Or put another way, you can gather all the expert opinion you can find and still make the wrong decision. And by the time the next major project is looking for similar experience it will have dispersed, which makes tapping that knowledge harder. But even if your plan does work, it might not necessarily be efficient. You may have added more cost than was needed, or be running fewer services than could be run or be needed to run.
This sets Blanchflower thinking, and there’s a long pause. He orders his answer and then speaks carefully: “The key driver in the London area, where you’re talking about a commuter railway, is your ability to move passengers. And so maximising capacity, particularly at these times when you’re taking part of the network out of operation, is a good measure for efficiency.
“In terms of construction measures it’s your ability to maintain programmes, how much rework you need to do as a result of your delivery. So the quality of what you’re delivering, your ability to deliver within the budgets you’ve been set, your use of contingency - I think there are a number of measures you can pick up. But I’m not saying necessarily that all of this can be quantified to the nth degree. I think there still has to remain elements of qualitative assessment, simply because of the complex nature of the industry in which we’re operating.”
There is another factor that particularly affected Thameslink. That was the continued rise in passenger numbers even after the project built it plans back in 2012.
“When we first started planning the redevelopment of London Bridge we were talking about 37 million passengers per annum using the station. Today, we see well in excess of 50 million. So even some of the planning we did back in 2012, some of the underlying assumptions we made then, have been proved wrong simply by the increased growth in the network and the challenge that brings.”
Talking to Blanchflower about efficient project delivery, it’s increasingly clear that efficiency is almost whatever you want it to be. Becoming more efficient in one area leads to reductions elsewhere. The wider you cast your net the harder the problem becomes. At one extreme, it would have been much cheaper and quicker to build Thameslink with the railway completely closed to passengers. But other than long Bank Holiday weekends and Christmas periods, complete closure was never a realistic option.
That left Thameslink looking for ways to make individual parts of the project efficient within themselves, while still running sufficient trains for passengers. This is more easily done for repeatable tasks than for one-off jobs - if you’re a track gang charged with relaying 800 metres every night, then with practice you’ll become quicker or you’ll be able to lay more track for the same time.
According to Blanchflower: “When you’re delivering a major enhancements scheme, it’s not as if it’s something that’s replicable in that sense, and you can measure a true efficiency through that.
“What we can measure is that as we move across London Bridge station from south to north, the cycle time for constructing each of the bridge decks, platforms and so on has reduced during the progression of the programme. Something that was taking us nine months to do initially, we’re now doing in six months.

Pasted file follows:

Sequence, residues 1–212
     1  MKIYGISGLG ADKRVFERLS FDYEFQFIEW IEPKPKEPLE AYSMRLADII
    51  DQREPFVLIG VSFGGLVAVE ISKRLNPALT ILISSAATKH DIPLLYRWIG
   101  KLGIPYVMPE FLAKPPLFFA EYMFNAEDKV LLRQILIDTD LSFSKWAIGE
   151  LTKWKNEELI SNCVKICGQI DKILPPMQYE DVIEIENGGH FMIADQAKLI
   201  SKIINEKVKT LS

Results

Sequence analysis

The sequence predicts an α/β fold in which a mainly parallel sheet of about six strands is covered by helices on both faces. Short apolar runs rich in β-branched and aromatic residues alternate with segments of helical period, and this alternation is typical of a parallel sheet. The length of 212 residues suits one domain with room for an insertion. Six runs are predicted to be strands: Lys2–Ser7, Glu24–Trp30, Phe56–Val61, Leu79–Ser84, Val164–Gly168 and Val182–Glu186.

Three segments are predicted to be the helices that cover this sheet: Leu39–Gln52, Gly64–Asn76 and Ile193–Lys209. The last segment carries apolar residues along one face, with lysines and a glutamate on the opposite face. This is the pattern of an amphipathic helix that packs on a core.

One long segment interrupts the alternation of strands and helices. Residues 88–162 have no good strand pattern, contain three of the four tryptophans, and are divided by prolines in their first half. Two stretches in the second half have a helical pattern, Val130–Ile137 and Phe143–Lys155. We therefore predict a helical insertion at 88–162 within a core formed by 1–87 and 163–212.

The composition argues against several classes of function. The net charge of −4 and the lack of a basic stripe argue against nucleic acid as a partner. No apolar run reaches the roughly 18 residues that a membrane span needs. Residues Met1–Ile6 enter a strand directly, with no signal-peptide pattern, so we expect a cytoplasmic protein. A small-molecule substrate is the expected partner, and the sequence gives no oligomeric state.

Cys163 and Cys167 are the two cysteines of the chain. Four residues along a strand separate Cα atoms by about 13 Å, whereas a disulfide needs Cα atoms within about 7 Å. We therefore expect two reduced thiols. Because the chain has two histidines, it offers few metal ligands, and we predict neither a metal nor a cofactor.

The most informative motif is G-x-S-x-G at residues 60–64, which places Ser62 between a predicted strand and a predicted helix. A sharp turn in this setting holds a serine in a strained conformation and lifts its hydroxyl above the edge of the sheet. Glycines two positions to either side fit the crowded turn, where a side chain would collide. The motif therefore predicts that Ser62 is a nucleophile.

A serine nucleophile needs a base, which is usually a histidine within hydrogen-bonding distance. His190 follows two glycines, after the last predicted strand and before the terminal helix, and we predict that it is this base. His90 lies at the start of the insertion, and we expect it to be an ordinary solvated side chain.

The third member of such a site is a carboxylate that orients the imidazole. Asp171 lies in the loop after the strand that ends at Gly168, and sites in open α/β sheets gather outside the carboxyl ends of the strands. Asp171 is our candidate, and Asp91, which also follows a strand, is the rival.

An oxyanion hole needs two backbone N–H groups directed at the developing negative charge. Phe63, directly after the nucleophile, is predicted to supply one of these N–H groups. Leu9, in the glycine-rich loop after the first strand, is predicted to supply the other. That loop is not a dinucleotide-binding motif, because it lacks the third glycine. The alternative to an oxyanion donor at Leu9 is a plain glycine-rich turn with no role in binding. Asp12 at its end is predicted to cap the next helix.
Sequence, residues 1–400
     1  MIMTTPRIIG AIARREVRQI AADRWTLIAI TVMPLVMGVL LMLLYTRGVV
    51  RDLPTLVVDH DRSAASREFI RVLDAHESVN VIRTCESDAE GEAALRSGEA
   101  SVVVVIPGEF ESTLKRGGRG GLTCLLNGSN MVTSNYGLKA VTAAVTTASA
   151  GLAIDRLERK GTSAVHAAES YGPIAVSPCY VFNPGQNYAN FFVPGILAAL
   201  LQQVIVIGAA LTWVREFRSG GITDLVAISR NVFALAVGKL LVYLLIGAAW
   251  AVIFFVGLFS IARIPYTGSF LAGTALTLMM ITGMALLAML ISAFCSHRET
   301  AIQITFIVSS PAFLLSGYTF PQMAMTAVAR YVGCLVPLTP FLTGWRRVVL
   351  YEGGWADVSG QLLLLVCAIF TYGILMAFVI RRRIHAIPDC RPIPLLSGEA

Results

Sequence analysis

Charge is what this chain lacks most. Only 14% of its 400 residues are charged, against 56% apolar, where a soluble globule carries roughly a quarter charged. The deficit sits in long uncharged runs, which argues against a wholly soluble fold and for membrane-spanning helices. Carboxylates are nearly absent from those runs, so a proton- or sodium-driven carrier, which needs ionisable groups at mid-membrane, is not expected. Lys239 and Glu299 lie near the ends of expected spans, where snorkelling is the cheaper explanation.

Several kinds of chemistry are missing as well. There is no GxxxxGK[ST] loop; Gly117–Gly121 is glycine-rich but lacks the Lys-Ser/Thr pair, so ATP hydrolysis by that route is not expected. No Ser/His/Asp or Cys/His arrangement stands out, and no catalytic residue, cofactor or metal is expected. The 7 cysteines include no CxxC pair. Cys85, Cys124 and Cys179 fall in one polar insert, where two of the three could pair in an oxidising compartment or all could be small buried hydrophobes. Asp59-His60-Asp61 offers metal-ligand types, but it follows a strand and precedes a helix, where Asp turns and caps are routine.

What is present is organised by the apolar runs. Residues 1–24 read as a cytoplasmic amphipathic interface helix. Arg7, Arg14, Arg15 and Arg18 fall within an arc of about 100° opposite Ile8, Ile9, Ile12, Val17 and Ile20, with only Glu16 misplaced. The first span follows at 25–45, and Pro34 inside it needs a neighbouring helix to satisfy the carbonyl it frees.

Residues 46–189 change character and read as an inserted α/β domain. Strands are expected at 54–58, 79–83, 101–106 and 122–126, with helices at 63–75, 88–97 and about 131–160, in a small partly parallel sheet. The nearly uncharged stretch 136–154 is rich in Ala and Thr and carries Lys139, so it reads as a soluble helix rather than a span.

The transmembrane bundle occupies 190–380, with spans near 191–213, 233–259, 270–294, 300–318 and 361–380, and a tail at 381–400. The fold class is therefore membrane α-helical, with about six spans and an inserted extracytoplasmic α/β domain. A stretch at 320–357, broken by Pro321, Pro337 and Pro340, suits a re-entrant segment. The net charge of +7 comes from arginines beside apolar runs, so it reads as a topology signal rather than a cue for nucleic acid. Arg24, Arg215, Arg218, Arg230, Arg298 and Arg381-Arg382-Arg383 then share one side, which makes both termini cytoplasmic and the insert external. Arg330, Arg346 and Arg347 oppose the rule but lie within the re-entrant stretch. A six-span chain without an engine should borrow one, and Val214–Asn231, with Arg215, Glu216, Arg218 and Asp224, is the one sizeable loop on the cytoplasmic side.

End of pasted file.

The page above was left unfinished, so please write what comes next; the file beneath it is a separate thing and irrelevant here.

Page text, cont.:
“There’s an inbuilt efficiency there within the delivery of the programme. As we have progressed through it we have better understood the logistics around the site and how we can progress through the cycle of demolition, foundations and column erection, bridge deck erection, platforms and so on that has led to a delivery efficiency.”
Efficiency can come from building in lower long-term costs, by making maintenance easier. Thameslink’s project director offers this view: “If you look historically at signalling schemes, they would have a lot of location cases distributed along the railway which hold the signalling equipment. We made decisions very early on that in terms of both future access and maintenance, but also in terms of quality of build, it would be far better to install a number of REBs , so we found a number of arches along the route where we’ve installed these REBs. You can get them pre-wired in the factory, pre-checked in the factory, and delivered to site.
“It’s efficient for us in terms of delivery and quality of work, and it drives efficiency into the ongoing maintenance and operation of the railway because the maintenance staff can do a lot of their faulting and testing out of the direct railway environment by going into the REB off-track. You can see a number of efficiencies we’re delivering in that respect.”
This pre-fabrication in signalling extended to the automatic train operation (ATO) system that Thameslink will use. Much of its development took place in a laboratory at Hitchin, with trains tested nearby on a short section of the Hertford Loop while normal trains continued to run on an adjacent track.
By the time the first Class 700 arrived from Siemens, the project had completed 80% of the testing it needed. Using the loop’s test line with the ‘700s’ meant that only the final 10% of tests needed to take place on Thameslink’s core route under London, vastly reducing the disruption passengers might face.